As for the coping, it’s made of 16 gauge 2-inch diameter steel tubing and it’s secured every four feet with 3-inch deck screws. It has a generous ½-inch lip on both the top and the sides, and is painted with some VERY fancy acrylic modified alkyd enamel paint (about $150 per gallon retail).
The whole business about the grind box portion is pretty straightforward. It’s more or less a standard skatepark-quality grindbox (read as “beefcake”), but the risers represent a much larger problem. In fact, the problem with the risers represents such a large problem, that I felt the need to go full on “academic” about it, and brought in a Phd in physics to figure out the math.
But here’s the catch. I didn’t want the box to be merely “my box.” Even though I’m its main builder, “owner,” and caretaker, I think of myself more as the box’s steward. It will be here in Austin much longer than I will, and it belongs to the guys who skate it every week, who helped build it, who help maintain it, and who helped pay for it.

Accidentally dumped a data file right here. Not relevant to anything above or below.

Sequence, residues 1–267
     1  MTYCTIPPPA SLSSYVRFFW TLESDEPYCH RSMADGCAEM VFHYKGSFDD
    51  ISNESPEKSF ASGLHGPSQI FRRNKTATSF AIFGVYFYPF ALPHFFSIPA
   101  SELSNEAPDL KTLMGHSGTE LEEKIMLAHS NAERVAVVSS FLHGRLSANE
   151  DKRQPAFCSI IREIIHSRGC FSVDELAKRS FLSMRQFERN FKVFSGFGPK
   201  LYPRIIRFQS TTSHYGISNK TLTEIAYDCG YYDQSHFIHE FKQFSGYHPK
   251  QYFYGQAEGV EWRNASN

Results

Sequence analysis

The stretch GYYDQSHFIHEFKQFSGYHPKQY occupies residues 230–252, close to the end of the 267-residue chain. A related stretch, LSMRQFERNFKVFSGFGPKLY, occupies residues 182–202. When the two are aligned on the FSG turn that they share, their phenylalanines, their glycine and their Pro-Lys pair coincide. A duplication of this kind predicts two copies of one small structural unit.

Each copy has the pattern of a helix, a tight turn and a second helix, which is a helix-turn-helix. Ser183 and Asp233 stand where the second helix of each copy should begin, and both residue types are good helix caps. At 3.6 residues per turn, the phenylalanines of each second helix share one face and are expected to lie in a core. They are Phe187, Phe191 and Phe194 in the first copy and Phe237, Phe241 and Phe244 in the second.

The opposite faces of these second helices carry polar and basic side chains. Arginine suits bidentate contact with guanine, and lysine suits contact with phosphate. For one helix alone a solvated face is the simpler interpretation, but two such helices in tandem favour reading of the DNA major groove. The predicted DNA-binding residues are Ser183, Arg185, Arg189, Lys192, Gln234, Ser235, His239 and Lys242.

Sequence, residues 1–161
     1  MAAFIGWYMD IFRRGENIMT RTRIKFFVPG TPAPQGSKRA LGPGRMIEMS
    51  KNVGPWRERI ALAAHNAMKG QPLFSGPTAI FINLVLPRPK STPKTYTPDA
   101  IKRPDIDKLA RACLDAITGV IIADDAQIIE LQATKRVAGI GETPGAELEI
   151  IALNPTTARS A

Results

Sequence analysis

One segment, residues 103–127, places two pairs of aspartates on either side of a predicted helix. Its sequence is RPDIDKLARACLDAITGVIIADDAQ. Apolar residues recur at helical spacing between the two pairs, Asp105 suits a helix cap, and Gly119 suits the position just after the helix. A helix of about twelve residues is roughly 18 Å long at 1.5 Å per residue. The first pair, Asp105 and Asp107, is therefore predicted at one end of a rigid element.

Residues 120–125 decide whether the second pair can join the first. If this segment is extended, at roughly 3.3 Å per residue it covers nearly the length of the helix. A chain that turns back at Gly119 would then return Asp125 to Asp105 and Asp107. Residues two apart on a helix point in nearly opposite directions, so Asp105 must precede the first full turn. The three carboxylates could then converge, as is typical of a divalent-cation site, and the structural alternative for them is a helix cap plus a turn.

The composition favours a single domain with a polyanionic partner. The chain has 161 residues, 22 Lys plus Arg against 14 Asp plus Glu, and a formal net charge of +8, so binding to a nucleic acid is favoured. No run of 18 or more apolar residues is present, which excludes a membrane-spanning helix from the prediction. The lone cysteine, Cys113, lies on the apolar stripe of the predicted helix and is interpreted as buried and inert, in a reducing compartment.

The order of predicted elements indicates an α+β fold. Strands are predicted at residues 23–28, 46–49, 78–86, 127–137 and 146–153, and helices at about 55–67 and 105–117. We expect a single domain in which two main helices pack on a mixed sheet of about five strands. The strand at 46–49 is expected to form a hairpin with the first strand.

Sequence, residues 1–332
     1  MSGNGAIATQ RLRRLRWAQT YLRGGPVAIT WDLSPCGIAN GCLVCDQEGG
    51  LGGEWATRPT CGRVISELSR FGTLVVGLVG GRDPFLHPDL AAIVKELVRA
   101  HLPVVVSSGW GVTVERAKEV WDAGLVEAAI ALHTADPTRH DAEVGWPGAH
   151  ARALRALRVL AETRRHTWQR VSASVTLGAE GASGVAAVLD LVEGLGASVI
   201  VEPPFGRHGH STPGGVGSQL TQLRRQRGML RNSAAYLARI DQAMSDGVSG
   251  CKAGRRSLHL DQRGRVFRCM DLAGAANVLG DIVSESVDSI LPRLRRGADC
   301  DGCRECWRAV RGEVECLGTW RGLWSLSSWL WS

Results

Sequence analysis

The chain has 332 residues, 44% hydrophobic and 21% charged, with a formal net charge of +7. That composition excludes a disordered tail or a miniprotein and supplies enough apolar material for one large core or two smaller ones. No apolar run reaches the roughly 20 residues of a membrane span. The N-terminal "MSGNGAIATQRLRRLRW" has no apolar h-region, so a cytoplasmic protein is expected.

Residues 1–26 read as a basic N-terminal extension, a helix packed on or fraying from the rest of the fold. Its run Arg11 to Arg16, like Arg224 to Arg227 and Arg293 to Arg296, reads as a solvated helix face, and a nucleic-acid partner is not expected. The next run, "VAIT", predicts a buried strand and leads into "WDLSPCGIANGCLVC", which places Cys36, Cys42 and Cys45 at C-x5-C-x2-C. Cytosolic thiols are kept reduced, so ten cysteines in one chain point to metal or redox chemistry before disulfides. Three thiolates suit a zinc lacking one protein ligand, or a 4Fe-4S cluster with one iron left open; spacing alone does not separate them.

So when I brought in Dmitry Meyerson — a rollerblader and Phd student from the University of Texas Department of Physics –I wanted everybody to be there. Too often, in my view, academics are brought in to some situation to solve a problem, but again, too often the end users understand little or nothing about the nature of the solution itself.
So we had “Physics Day” in the garage of my old house.
My old garage was really something of a rat hole. I mean, a literal rat hole. It was dusty and dingy and smelled of stale cigarette smoke, old coffee, and spilled beer. And there were actual rats — not the nasty New York City subway rats though. A rather strange family of small white rats had taken up residence in my backyard. Essentially, this made my garage a perfect rollerblader hangout — replete with homies from several different species.